In this post, I will be going over how I magnetized the model's arms, and attached it to the base over cork board.
One of my Christmas presents this year was Canis Wolfborn. I wasn't too impressed with the model when it was released; however, after seeing it in person, I love it.
My original plan was to just assemble him as Canis. Then when it came time to glue on his arms, I decided that I also wanted to be able to use him as a wolf lord and give him a thunder hammer. Up to this point I hadn't been interested in using a thunderwolf, but the model is too cool! I make no claim that any of the following is the right way to do this. Its just how I went about it. If you know of an easier/better way, feel free to post a link!
Magnetizing the arms
The main problem I had was figuring out how to glue the magnets to the torso and arms, and have the arms fit flush to the model, as they are supposed to.
First, I clipped off the part of the arm that was supposed to insert into the torso. Then, I drilled into the model to make a space for both magnets (the one for the torso and the one for the arm) to fit into, with the outer magnet being flush with the torso. Then I put a dab of glue into the hole, placed the magnet, and waited for the glue to dry. Then, I put in the outer magnet (with no glue). This way, I could just put a dab of glue on the outer magnet, place the arm as it is supposed to fit, and then quickly spray the joint with an accelerating agent to make the super glue set before it spread to the rest of the model and glued the arm to the torso.
Below you can see the drilled out space with the inner magnet glued in place. The space was initially square, but a drill bit the exact size of the magnet and a drill changed that quickly enough.
And here is the model with the magnetized arms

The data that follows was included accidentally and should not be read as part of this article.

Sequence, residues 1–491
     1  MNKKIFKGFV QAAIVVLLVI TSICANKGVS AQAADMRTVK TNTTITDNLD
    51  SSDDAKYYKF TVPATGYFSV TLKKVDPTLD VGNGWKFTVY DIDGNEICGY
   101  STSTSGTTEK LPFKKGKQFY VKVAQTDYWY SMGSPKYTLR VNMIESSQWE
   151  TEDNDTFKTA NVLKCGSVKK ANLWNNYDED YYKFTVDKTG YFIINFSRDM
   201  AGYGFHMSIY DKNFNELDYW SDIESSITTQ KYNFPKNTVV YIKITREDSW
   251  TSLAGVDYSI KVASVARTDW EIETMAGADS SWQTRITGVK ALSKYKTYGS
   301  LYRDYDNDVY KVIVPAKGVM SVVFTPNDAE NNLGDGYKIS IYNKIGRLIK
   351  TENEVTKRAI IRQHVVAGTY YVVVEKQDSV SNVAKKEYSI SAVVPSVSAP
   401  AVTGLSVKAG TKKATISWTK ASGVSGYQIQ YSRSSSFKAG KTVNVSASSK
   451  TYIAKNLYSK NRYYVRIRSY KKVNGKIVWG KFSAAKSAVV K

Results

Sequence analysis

And the arms with the magnets. The arm on the left did take two attempts when it came to glueing the arm to the outer magnet.
Securing the model to the base.
It was fairly apparent that simply glueing a giant metal model to cork board would not suffice.
First, I placed the cork board on the base, and then put Canis on top.
Then, I traced the paws of the wolf on the cork board. These spaces were then cut out.
Then, I glued the cork to the base (with PVA glue).
Next, I drilled holes into the left front and right rear paw.
Holes were then drilled into the base for the metal pins that would be coming out of the paws. The pins were bent at a 90 degree angle and inserted up through the bottom of the base. The wolf was then placed on the base, with the pins in the paws. Satisfied that everything looked right, I glued the pins to the underside of the base, and hit the glue with the accelerating agent. Then, I pulled the wolf off, and filled the holes in the corkboad with green stuff, to both better secure the cork board and the pins. The hole in the cork board for the left rear paw didn't have a pin, but gave a more secure anchor to glue that paw too. Once the greenstuff had hardened, I glued Canis to the base.
Greenstuff was later pushed onto the underside of the base, over the pins, to further secure them.
I''ll be starting the painting of my space wolves shortly. I'll finish the additional arms for Canis later on. I plan on giving him a thunder hammer and maybe a storm shield arm.